‘Of course’ Pacioretty wants Habs captaincy

Max Pacioretty discusses what the Habs have to do to go one step further in the playoffs, whether he’d like to wear the ‘C’ on his jersey, why it was so important to lock up Subban, and more.

TORONTO — Real-life Max Pacioretty is manipulating digitized Max Pacioretty with his thumbs. In what could perhaps serve as foreshadowing to opening night of the 2014-15 NHL season, the left wing crashes the Toronto crease and slips the puck past Maple Leafs goaltender Jonathan Bernier.

Elated, Pacioretty—the virtual one—spins round and thrusts his arms roofward in celebration. It’s then you notice his wardrobe malfunction.

The NHL 15 incarnation of Pacioretty has a “C” plastered on the left of his Montreal Canadiens sweater.

Was awarding the forward with Montreal’s vacant captaincy simply a harmless glitch that slipped through the cracks of EA Sports’ development squad? Or do the video-game makers know something we don’t?

“I think someone at EA Sports deserves a promotion for doing that,” a smiling Pacioretty says Thursday at the brand’s media unveiling of the hockey franchise’s latest edition.

NHL 15 is rightfully being praised for its down-to-the-letter realism, and if Pacioretty were to have his way, that authenticity would include his succeeding Brian Gionta and becoming the 29th captain of the NHL’s most decorated club.

“Of course,” Pacioretty says when Sportsnet asks if he wants the ‘C’ this season. ”There’s a lot of guys on the team who feel like they could be a good captain, and that’s a good thing. Whoever is named captain is going to have a lot of help. When you have that surrounding of a lot of leaders in the group, it makes it easier on the person who wears the C.”

With Gionta, 35, signing as free agent to the Buffalo Sabres and vocal veteran defenceman Josh Gorges, 30, shuffling off there via trade, space has been cleared in the dressing room of the Eastern Conference finalists for a fresh crop of leaders charging into their prime. At the forefront of that emerging group are Pacioretty, 25; gold-medal goaltender Carey Price, 27; and 2013 Norris winner P.K. Subban, 25, who inked a monster eight-year, $72-million extension this summer.

All three are locked up for a minimum of four more years. All three are coming off arguably their best full NHL campaigns, Pacioretty scoring a career-best 39 goals and adding another 11 points during the Habs’ inspiring 17-game playoff run.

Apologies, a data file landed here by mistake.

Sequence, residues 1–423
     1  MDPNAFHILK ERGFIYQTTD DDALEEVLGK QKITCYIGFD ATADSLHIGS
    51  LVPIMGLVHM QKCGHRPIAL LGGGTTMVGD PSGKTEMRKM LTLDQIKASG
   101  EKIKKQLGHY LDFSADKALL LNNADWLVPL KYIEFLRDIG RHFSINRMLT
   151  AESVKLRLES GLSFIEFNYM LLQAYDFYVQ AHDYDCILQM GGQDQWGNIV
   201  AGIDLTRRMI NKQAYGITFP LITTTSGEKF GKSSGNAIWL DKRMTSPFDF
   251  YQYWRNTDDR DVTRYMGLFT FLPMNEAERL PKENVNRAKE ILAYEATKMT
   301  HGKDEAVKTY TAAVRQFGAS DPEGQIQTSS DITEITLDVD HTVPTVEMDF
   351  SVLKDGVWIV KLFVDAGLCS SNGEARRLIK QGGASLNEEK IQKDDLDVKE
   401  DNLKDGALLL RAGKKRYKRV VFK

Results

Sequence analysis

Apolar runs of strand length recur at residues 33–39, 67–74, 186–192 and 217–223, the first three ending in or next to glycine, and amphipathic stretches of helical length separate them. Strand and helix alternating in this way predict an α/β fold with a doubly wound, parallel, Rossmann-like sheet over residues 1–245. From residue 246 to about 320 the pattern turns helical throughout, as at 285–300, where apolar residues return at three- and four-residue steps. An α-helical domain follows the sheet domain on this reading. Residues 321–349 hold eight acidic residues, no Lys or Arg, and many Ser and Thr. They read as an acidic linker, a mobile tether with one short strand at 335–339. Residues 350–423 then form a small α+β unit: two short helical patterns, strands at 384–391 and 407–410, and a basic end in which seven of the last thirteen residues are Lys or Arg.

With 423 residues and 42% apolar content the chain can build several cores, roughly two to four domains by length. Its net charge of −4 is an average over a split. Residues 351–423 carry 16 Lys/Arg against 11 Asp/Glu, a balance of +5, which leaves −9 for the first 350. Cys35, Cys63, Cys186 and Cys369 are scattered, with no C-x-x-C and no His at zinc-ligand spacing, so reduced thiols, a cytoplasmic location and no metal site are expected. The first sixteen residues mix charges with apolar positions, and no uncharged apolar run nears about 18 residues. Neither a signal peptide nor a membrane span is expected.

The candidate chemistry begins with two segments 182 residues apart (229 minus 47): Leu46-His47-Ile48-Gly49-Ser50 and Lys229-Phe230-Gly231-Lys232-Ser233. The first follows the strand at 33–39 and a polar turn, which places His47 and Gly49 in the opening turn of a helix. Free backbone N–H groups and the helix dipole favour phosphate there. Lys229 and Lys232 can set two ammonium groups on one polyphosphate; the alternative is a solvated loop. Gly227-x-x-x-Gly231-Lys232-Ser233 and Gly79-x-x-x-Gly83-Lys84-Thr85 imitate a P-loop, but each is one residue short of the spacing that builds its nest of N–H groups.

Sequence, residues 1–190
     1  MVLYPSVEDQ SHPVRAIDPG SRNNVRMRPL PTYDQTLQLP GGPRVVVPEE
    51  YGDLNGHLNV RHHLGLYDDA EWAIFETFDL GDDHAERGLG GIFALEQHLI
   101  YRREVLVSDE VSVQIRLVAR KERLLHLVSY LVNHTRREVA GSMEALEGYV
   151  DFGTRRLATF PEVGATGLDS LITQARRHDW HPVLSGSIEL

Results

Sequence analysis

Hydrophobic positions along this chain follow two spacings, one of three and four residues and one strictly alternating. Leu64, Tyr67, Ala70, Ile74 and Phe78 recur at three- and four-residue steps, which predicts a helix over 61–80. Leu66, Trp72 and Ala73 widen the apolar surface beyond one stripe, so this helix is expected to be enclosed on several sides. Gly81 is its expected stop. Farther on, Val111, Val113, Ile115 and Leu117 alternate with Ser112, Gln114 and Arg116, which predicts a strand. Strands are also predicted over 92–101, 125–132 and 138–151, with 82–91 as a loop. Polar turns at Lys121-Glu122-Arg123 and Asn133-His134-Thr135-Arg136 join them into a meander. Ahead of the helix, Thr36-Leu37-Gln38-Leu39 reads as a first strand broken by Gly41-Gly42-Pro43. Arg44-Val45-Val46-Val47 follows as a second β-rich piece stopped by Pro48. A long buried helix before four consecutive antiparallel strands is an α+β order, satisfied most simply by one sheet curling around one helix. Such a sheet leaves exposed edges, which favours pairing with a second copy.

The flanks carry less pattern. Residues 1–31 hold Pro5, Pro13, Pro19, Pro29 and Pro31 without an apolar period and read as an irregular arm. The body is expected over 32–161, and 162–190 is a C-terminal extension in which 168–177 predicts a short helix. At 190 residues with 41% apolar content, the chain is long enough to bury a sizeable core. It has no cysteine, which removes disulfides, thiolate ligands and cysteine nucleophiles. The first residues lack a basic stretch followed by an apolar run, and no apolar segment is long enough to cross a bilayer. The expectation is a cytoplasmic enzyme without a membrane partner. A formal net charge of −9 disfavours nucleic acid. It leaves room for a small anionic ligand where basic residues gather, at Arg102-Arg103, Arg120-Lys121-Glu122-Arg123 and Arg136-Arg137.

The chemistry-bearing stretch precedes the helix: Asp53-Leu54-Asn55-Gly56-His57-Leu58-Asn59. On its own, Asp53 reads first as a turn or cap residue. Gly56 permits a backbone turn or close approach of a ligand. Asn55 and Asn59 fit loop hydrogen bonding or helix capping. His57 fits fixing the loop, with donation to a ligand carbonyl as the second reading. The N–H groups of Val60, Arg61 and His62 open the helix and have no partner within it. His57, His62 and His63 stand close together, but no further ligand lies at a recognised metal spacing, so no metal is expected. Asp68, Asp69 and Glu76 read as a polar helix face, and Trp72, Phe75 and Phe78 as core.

The Connecticut native is eager to assume a leadership role on the Canadiens, something he got a taste of when he wore the ‘A’ for a spell last season when Gorges went down to injury.

Pacioretty points to not only Gionta but his first NHL captain, the beloved Saku Koivu, for improving his game and his outlook on responsibility.

“They were both very different in the way they led, but you want to take the best from everybody and tie it into yourself,” he says. “Gio was more of an actions-speak-louder-than words type of guy. Every captain has their own style, and his worked well with our team. We went to the conference finals twice with Gio as the captain, and overachieved a couple times.”

As a rookie in 2008-09, Pacioretty only skated 34 games with Koivu — the kid bounced back and forth from the Habs’ farm team — but the wise Finn made a heck of an impression in a brief period of time.

“He gave me some really nice talks that will stick with me throughout my career. He was definitely more vocal [than Gionta]. He made a point to take me in and work with me on stuff. He liked to have fun as well; he joked around. Gio’s more of a serious person,” Pacioretty explains.

“It’s tough to stick in the NHL. Coming out of college, you kinda play the same way you have your whole life, and Saku spoke to me about what areas of the ice to go to, times in the game to make the risky play and when to play it safe. It sounds like little things, but they go a long way. Your teammates really [judge] you on making the right decisions on the ice, and I think I’ve gotten better at that as the years have gone on.”

Pacioretty’s stats and confidence have risen on parallel trajectories. And although he’s spoken to his friend Subban and management about the need for new leadership in Montreal, it’s more of an understanding. A quiet message sent loudly to the team’s leading sniper and its No. 1 defenceman when Gorges and Gionta left town.

“We need younger leaders to step up now and really take control of the team,” Pacioretty says. “I’m willing to do that and ready to do that.”